Browse Prior Art Database

Context Oriented Branch Prediction

IP.com Disclosure Number: IPCOM000106687D
Original Publication Date: 1993-Dec-01
Included in the Prior Art Database: 2005-Mar-21
Document File: 4 page(s) / 136K

Publishing Venue

IBM

Related People

Ekanadham, K: AUTHOR [+2]

Abstract

Consider a branch that has variable action, called a TYPE B branch, and allow the machine to have a register called the BRANCH CONTEXT REGISTER (BCR) that maintains as a binary bit string the actions of the last m TYPE B branches that the machine has executed. The value of the BCR as a binary number can be used to index within a bit string maintained within the TYPE-B branch history table for any branch. This bit string will specify the action of the branch which has been accessed with the context given by the last m-branch actions given.

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This is the abbreviated version, containing approximately 39% of the total text.

Context Oriented Branch Prediction

      Consider a branch that has variable action, called a TYPE B
branch, and allow the machine to have a register called the BRANCH
CONTEXT REGISTER (BCR) that maintains as a binary bit string the
actions of the last m TYPE B branches that the machine has executed.
The value of the BCR as a binary number can be used to index within a
bit string maintained within the TYPE-B branch history table for any
branch.  This bit string will specify the action of the branch which
has been accessed with the context given by the last m-branch actions
given.

      Such a branch prediction mechanism is a marginal predictor as
it depends exclusively on the branch that is being accessed.  It
differs from other marginal predictors in that it can use the context
created by prior branches though the use of the contents of the BCR.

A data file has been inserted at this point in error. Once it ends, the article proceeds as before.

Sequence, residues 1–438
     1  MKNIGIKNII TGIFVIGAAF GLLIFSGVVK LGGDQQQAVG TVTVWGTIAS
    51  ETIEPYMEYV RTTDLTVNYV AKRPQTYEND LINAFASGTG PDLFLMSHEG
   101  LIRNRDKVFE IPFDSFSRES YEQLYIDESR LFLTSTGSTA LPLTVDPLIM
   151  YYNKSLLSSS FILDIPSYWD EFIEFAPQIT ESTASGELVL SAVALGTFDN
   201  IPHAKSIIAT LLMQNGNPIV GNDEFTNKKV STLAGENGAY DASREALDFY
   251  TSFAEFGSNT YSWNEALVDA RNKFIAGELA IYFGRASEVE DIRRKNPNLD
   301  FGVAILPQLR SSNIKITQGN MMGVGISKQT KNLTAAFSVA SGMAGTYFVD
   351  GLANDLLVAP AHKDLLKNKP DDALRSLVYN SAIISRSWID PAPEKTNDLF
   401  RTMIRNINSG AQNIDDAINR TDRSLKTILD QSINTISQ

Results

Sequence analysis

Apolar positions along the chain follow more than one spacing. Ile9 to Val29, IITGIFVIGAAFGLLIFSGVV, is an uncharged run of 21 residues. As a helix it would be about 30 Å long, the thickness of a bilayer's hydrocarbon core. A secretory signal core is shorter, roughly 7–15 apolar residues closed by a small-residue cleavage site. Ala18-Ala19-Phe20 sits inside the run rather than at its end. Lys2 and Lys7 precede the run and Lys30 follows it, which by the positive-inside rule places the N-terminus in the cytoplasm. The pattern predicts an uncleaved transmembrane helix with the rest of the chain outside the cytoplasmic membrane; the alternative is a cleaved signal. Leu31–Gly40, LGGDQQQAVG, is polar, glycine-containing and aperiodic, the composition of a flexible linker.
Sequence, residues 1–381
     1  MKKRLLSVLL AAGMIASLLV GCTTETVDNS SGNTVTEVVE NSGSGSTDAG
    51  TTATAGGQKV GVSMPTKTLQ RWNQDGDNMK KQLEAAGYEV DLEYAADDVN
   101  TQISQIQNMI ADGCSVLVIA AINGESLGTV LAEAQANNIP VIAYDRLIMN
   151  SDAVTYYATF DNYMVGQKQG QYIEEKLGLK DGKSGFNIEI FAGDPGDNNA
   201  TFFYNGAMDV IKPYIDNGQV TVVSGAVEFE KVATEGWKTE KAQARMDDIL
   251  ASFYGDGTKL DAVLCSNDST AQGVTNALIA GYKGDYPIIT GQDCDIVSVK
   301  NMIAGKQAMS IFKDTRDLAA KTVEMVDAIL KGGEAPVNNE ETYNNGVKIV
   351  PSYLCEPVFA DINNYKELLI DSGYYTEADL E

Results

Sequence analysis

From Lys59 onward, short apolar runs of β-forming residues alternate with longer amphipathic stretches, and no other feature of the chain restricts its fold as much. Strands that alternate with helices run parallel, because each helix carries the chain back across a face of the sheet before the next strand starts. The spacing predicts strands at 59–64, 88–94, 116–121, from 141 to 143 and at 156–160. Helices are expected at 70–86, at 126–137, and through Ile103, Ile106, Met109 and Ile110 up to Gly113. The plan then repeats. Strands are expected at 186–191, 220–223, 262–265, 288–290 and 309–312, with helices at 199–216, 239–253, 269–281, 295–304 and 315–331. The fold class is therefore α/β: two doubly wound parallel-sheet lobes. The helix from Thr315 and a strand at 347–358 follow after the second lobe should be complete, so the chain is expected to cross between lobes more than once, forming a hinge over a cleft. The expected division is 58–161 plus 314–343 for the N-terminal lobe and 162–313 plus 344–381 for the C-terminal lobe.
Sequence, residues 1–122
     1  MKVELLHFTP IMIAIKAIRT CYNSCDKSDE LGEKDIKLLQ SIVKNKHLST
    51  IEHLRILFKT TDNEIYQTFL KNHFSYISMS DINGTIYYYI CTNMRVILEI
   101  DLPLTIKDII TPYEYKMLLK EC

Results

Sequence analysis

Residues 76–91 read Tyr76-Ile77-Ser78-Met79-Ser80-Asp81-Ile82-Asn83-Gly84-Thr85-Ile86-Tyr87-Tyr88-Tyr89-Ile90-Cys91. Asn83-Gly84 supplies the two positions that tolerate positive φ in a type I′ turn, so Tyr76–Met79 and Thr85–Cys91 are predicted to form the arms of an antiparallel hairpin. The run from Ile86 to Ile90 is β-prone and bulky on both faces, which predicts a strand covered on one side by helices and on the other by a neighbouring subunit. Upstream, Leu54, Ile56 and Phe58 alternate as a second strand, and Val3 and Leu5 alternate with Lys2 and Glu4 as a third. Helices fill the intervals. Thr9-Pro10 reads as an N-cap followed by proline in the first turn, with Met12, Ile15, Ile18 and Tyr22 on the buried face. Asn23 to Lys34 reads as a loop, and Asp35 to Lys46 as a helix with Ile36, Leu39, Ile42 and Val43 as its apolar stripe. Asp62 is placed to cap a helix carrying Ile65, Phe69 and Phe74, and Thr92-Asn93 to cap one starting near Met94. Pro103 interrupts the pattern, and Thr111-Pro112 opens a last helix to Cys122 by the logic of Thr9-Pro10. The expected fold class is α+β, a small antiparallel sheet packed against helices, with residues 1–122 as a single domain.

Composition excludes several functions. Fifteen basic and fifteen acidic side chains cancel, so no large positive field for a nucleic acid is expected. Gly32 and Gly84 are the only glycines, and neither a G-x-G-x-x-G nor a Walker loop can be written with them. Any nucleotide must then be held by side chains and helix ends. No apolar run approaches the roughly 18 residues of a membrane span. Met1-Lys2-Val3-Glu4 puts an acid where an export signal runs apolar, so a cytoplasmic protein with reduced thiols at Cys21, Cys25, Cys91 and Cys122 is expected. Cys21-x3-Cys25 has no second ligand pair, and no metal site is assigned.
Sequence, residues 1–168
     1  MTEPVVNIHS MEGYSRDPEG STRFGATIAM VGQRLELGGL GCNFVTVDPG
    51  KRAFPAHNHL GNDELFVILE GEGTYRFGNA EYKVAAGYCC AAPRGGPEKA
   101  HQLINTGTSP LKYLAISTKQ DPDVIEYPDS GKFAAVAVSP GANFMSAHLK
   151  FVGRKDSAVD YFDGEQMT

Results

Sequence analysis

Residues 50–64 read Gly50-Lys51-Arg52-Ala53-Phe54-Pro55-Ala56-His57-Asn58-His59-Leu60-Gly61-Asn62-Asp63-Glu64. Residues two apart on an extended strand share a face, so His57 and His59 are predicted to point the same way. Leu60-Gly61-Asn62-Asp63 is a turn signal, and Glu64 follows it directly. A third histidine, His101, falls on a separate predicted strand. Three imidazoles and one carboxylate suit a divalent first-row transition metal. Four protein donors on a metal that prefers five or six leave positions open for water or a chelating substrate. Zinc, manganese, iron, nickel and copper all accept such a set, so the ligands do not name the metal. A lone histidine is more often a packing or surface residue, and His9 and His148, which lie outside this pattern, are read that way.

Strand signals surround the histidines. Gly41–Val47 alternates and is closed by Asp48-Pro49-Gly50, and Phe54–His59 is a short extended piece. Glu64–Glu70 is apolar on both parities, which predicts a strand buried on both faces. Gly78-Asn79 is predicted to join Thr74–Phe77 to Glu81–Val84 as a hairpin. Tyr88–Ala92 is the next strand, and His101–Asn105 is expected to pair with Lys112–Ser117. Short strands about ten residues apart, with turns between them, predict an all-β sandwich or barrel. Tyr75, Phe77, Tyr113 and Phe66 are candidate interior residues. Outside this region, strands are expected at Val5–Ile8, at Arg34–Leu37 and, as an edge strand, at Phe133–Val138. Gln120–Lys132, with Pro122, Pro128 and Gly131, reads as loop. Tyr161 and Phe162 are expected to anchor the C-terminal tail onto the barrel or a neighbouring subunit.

Other marginal predictors that ignore the context are branch
predictors that consider the pattern of action of a given branch and
predict the next action based on the pattern as well as the standard
BHT predictor that predicts the next action  based on the repetition
of the prior action.

DIFFERENCE FROM A JRBP - A joint recursive branch predictor (JRBP)
also predicts on the context in which a branch occurs and operates in
the following fashion.

      A Joint Recursive Branch Predictor, JRBP, has the following set
of properties:

o   It should continue with the prediction scheme if the prior
    prediction is correct.

o   It should wrap around so that a finite length predictor can
    continue to predict indefinitely as long as it is correct.

o   It need not synch with addresses of the branches, except at a
    error, because

    -   A recursive predictor of a branch is defined as a sequence of
        the actions of branches and can be used to predict the next
        action of the next branch in conjunction with a BHT which
        will supply the related target address.

        The ability to operate within a joint target set of a set of
        branches with the same predictor format used for a single
        branch is a result of the observation that each branch will
        specify a target that dictates the next branch that is
        encountered if the target is correct.  Just as joint
        distributions contain additional information than marginal
        distributions, the use of the joint recursive predictors of
        prespecified length can be superior to the operation of
        individual recursive predictors on the marginal sequences of
        individual branch actions.

o   The predictor needs to have at least one occurrence of each
    action of each branch within the loop so that the recovery
    mechanism can recover to the position specified by the correct
    action following an error.

      The three major differences between contex...